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Tuesday, November 05, 2019

Primer Dugout (and link of the day) 11-5-2019

Pittsburgh Press, November 5, 1919:

PROBING SERIOUS CHARGES

Owner Charles A. Comiskey, of the Chicago Whitesox, and the members of the National commission, are quietly investigating scandalous stories involving the American league champions in the recent world’s series. A Chicago sporting writer the other day published a bitter attack on several members of the Whitesox who were mentioned by name.
...
No accusations reflecting on the honesty of the Chicago players appeared in this, but the sporting paper threatened to make further disclosures that would compel the governors of the sport to take drastic action.

Meh. It’s probably nothing.

Jefferson Manship (Dan Lee) Posted: November 05, 2019 at 09:54 AM | 23 comment(s) Login to Bookmark
  Tags: black sox, dugout, history

Reader Comments and Retorts

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Statements posted here are those of our readers and do not represent the BaseballThinkFactory. Names are provided by the poster and are not verified. We ask that posters follow our submission policy. Please report any inappropriate comments.

   1. Jefferson Manship (Dan Lee) Posted: November 05, 2019 at 09:55 AM (#5898732)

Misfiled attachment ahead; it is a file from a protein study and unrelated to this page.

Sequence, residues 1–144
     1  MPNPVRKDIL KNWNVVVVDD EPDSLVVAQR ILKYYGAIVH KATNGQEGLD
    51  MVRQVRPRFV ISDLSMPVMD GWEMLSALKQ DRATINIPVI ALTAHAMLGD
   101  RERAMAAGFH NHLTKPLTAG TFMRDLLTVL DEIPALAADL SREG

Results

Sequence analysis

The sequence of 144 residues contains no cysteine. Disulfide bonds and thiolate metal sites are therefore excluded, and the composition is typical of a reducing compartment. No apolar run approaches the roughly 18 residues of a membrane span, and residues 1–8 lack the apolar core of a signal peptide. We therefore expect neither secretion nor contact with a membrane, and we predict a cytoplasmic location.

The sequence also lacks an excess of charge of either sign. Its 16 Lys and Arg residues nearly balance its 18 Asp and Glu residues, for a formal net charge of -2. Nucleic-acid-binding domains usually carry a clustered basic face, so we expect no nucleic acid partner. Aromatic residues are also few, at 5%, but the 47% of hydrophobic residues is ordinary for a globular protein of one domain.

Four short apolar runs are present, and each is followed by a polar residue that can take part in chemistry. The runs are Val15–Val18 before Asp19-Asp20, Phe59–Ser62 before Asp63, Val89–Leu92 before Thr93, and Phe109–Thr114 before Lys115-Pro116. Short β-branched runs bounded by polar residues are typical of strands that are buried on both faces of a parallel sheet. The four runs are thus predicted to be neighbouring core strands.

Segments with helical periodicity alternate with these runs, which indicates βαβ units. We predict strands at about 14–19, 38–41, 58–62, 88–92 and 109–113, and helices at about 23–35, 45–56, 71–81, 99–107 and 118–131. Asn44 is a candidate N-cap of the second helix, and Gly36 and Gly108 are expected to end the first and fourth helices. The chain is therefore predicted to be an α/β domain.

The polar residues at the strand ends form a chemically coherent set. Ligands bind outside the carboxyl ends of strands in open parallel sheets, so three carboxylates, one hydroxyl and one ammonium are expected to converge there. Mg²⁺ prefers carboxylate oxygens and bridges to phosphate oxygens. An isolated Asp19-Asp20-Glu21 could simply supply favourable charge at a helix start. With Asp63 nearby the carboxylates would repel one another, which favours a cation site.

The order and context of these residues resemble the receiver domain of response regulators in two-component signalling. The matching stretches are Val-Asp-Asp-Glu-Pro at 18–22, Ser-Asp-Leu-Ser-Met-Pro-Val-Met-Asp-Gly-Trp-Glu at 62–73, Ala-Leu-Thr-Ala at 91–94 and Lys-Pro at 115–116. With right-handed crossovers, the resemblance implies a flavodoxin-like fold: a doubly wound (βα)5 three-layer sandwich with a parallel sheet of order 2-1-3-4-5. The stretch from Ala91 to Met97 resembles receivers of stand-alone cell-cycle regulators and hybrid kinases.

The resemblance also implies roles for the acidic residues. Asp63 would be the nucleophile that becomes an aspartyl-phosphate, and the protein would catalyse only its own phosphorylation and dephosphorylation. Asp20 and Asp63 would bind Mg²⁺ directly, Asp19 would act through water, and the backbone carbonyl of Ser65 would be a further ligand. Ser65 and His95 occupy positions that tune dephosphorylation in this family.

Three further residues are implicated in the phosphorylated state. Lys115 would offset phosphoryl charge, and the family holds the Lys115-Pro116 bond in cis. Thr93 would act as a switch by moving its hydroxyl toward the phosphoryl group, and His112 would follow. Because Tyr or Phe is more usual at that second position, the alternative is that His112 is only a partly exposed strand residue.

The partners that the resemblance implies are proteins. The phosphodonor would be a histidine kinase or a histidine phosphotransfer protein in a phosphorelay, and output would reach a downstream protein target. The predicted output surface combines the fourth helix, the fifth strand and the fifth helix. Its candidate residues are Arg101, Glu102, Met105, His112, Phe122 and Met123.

The good news is that today's Birthday Team has a Hall of Famer in right field. The bad news is that he's in the Pro Football Hall of Fame. There weren't any managers born on November 5, but I'd probably give the job to Neale. The guy coached friggin' Washington and Jefferson College to the Rose Bowl, so he seems to know what he's doing as a leader.

C: Javy Lopez (29.7 WAR)
1B: Bryan LaHair (-0.2 WAR)
2B: Mike Goliat (0.9 WAR)
3B: Jim Tabor (9.4 WAR)
SS: Fred Manrique (2.6 WAR)
LF: Johnny Damon (56.4 WAR)
CF: Lloyd Moseby (27.5 WAR)
RF: Greasy Neale (5.9 WAR)

SP: Ice Box Chamberlain (30.7 WAR)
SP: Pete Donohue (18.8 WAR)
SP: Harry Gumbert (17.3 WAR)
SP: Jon Gray (10.6 WAR)
SP: Carl Fischer (4.9 WAR)
RP: Craig McMurtry (4.6 WAR)

Fun Names: Flame Delhi, Yam Yaryan, Merkin Valdez
Umpire: Jim Evans, John Mullin
   2. Tom Nawrocki Posted: November 05, 2019 at 10:06 AM (#5898742)
We may have done this before, but how many All-Stars finished their career with negative WAR? There's LaHair's fellow Cub Steve Swisher... who else?
   3. Pasta-diving Jeter (jmac66) Posted: November 05, 2019 at 10:29 AM (#5898752)
We may have done this before, but how many All-Stars finished their career with negative WAR? There's LaHair's fellow Cub Steve Swisher... who else?

Bref PI finds 12 position players, with the worst being Joe DeMaestri (-4.0), Myril Hoag (-3.5) and Ken Reitz (-3.1). For pitchers Tyler Green and Hal Gregg are at -1.0; Jeff Locke (-0.5) and Jim Coates (-0.2)

EDIT: it should be noted that each of the position players named above made the ASG exactly once
   4. Pasta-diving Jeter (jmac66) Posted: November 05, 2019 at 10:37 AM (#5898757)
   5. Tom Nawrocki Posted: November 05, 2019 at 11:03 AM (#5898767)
There's a distinction to be made between someone like Cito Gaston, who put up 5.1 WAR in his second full season but spent the rest of his career giving all of that back, and Biff Pocoroba, who was never any good and had -1.1 WAR in his All-Star season. It's not like Gil Hodges (or whoever it was that picked the NL All-Stars in 1970) could tell that Gaston was going to be horrible from there on out.